11 guidelines for conservatively treating chronic kidney disease - Veterinary Medicine
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11 guidelines for conservatively treating chronic kidney disease
You can prolong and improve the quality of life in dogs and cats suffering from this reduction in kidney function by monitoring and treating key parameters and signs.


#8 Ameliorate gastrointestinal signs. Dogs and cats with stage 3 or 4 chronic kidney disease may have gastrointestinal complications including reduced appetite, nausea, vomiting, uremic stomatitis and halitosis, gastrointestinal hemorrhage, diarrhea, and hemorrhagic colitis. Treatment for these gastrointestinal signs largely focuses on ameliorating uremic gastritis (evidence grade 4) by

1. Limiting gastric acidity with H2 blockers (ranitidine, famotidine)

2. Suppressing nausea and vomiting with antiemetics (metoclopramide, 5-HT3 receptor antagonists such as ondansetron hydrochloride or dolasetron mesylate, or the neurokinin-1 receptor antagonist maropitant [Cerenia—Pfizer]) or low doses of phenothiazine tranquilizers (prochlorperazine)

3. Providing mucosal protection with sucralfate.

Of these treatments, H2 blockers are most commonly used, and few adverse effects have been attributed to their use. Antiemetics are typically added when anorexia, nausea, or vomiting persist despite the use of an H2 blocker. Sucralfate is added when gastrointestinal ulcers and hemorrhage are suspected.


#9 Reduce the magnitude of proteinuria. Glomerular proteinuria should be reduced in dogs and cats with chronic kidney disease stages 1 through 4. Intervention is indicated when the urine protein/creatinine ratio exceeds 2 in dogs and cats with stage 1 disease and when it exceeds 0.5 in dogs and 0.4 in cats with stage 2 through 4 disease.11

Proteinuria has been shown to adversely affect outcomes in people, dogs, and cats with chronic kidney disease, presumably because proteinuria itself appears to injure the renal tubules, thereby promoting progression of chronic kidney disease.11-13 In people, it is well-established that reducing proteinuria by suppressing the renin-angiotensin system ameliorates the adverse effects of proteinuria on the kidneys. Although qualitatively similar, evidence in dogs and cats is far less compelling.14,15 Studies on the long-term effects of angiotensin-converting enzyme (ACE) inhibitors on survival outcome in proteinuric dogs have not been reported, and although such studies have been reported in cats, they have failed to yield statistically significant evidence of enhanced survival. Nonetheless, an ACE inhibitor such as enalapril, benazepril, or lisinopril is recommended in patients with chronic kidney disease that meet the above criteria (evidence grade 4).11 Ideally, proteinuria should be reduced below the therapeutic target. However, this is typically difficult and may require higher doses of the ACE inhibitor or the addition of angiotensin II receptor blocking drugs (e.g. losartan or irbesartan). Losartan may be administered at a dose of 0.25 to 0.5 mg/kg/day while monitoring for any changes in serum creatinine concentration. Dosages may be increased as needed up to 1 mg/kg every 12 hours.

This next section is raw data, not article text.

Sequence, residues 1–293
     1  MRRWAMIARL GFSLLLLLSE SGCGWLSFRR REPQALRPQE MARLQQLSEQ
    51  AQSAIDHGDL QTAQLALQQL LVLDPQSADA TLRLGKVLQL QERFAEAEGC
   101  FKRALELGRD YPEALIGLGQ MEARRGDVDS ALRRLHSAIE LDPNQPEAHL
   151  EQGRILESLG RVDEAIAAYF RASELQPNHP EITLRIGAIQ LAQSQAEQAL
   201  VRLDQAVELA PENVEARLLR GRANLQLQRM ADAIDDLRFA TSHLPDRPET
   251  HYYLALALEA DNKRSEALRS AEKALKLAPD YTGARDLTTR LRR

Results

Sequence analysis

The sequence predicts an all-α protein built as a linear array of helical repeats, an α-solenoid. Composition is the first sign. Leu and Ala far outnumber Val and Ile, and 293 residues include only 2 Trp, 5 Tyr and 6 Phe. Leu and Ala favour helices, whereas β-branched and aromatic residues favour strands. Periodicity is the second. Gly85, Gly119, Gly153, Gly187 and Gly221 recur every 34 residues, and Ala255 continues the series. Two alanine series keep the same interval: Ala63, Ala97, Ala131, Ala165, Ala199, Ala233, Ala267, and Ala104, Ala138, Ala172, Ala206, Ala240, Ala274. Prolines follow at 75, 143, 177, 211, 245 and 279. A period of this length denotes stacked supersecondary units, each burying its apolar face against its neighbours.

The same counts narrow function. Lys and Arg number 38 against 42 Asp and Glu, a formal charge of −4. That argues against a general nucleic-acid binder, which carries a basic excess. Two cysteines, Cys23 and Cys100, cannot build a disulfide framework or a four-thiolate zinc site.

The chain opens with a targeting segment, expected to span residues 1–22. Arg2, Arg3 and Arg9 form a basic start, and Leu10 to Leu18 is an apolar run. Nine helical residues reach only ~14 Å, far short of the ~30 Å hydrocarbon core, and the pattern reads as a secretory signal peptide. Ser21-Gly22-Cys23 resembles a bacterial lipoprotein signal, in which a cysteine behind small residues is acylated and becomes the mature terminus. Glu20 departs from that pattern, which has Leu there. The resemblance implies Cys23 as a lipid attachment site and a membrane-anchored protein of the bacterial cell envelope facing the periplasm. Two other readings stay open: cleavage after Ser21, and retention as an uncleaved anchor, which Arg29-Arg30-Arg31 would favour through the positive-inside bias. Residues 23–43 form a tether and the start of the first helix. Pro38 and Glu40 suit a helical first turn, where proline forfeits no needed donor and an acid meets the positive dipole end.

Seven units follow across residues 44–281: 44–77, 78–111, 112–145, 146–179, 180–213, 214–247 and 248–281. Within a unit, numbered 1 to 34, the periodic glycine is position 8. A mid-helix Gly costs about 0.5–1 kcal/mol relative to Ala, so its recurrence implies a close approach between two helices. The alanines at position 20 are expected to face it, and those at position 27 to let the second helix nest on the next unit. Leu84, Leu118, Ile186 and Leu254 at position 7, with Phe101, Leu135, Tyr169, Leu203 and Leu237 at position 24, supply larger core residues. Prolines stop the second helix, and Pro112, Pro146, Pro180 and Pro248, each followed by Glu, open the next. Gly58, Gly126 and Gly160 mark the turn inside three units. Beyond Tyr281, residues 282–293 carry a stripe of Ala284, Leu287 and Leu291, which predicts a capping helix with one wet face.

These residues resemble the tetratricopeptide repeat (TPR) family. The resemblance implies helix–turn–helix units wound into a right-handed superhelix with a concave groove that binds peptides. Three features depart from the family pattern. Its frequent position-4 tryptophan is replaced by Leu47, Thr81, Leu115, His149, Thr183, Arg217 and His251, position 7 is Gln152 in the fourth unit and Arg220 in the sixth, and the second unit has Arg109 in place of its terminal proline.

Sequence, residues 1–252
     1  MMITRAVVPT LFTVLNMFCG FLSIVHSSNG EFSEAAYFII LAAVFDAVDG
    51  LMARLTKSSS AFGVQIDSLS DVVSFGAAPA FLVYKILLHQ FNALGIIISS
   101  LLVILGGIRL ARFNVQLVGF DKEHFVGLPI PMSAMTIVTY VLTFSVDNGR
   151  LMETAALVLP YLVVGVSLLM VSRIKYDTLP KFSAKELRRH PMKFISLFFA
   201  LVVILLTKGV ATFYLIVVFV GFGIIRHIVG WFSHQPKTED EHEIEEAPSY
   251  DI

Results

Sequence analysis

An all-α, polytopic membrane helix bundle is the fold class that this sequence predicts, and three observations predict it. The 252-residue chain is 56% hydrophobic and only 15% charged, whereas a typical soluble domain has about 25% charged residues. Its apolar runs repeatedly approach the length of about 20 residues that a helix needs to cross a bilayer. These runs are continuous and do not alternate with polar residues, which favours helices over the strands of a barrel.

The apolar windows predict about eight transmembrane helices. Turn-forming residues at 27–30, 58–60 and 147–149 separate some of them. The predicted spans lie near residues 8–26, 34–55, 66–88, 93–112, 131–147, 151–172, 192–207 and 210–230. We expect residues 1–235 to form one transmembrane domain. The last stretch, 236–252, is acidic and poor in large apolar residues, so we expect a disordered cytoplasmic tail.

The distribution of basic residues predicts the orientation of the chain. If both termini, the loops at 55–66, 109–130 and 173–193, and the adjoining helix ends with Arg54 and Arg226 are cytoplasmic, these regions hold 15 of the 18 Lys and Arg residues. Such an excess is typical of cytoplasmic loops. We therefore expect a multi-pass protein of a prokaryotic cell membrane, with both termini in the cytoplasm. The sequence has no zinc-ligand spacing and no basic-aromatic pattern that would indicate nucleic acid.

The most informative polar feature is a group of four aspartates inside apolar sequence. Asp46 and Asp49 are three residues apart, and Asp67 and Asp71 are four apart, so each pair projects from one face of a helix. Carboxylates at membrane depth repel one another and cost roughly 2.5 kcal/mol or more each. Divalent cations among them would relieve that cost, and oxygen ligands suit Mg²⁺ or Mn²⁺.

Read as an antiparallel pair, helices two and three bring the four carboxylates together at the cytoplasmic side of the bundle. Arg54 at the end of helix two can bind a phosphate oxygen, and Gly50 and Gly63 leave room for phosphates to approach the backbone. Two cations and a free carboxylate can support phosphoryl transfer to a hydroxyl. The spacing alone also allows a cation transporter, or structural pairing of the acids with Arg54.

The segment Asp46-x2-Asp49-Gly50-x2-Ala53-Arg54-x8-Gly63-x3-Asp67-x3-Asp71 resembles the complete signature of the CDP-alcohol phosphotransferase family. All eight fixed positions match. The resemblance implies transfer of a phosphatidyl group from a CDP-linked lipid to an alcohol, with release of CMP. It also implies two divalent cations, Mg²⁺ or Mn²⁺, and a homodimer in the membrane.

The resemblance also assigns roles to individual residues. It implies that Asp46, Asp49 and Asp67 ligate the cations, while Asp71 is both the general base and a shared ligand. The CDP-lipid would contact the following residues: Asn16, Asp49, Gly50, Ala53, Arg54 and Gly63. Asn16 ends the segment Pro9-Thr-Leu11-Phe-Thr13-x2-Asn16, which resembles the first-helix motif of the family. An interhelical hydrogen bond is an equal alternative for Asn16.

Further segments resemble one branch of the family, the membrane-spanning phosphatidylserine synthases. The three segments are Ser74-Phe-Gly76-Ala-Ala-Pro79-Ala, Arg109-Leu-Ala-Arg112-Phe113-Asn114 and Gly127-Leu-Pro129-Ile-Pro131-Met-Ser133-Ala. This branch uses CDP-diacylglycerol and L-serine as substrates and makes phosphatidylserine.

Initially monitor a urine protein/creatinine ratio monthly to ascertain whether the treatment target of normalizing or at least halving the urine protein/creatinine ratio has been achieved. Once therapeutic targets have been attained, monitor the urine protein/creatinine ratio every three to four months to ensure continued compliance and therapeutic success at maintaining the target.

#10 Minimize systemic hypertension. Drug therapy to lower blood pressure is indicated in dogs and cats with chronic kidney disease stages 2 through 4 when the pressure exceeds 160/100 mm Hg and in dogs and cats with chronic kidney disease stage 1 when blood pressure exceeds 180/120 mm Hg.16 Unless hypertensive retinopathy or central nervous system signs are present or the systolic blood pressure remains above 200 mm Hg, determine blood pressure values on at least three separate clinic visits before establishing the need for therapeutic intervention. The goal of therapy is to reduce blood pressure to below 160/100 mm Hg.

Amlodipine is the first-choice drug for managing elevated blood pressure in cats with chronic kidney disease (evidence grade 2).17 It is typically highly effective in reducing blood pressure in cats, often by as much as 20 to 50 mm Hg. Amlodipine is administered at a dose of 0.625 mg/cat in cats less than 11 lb (5 kg) and 1.25 mg/cat in cats 11 lb or greater. The dose may be doubled if response fails to meet treatment goals.


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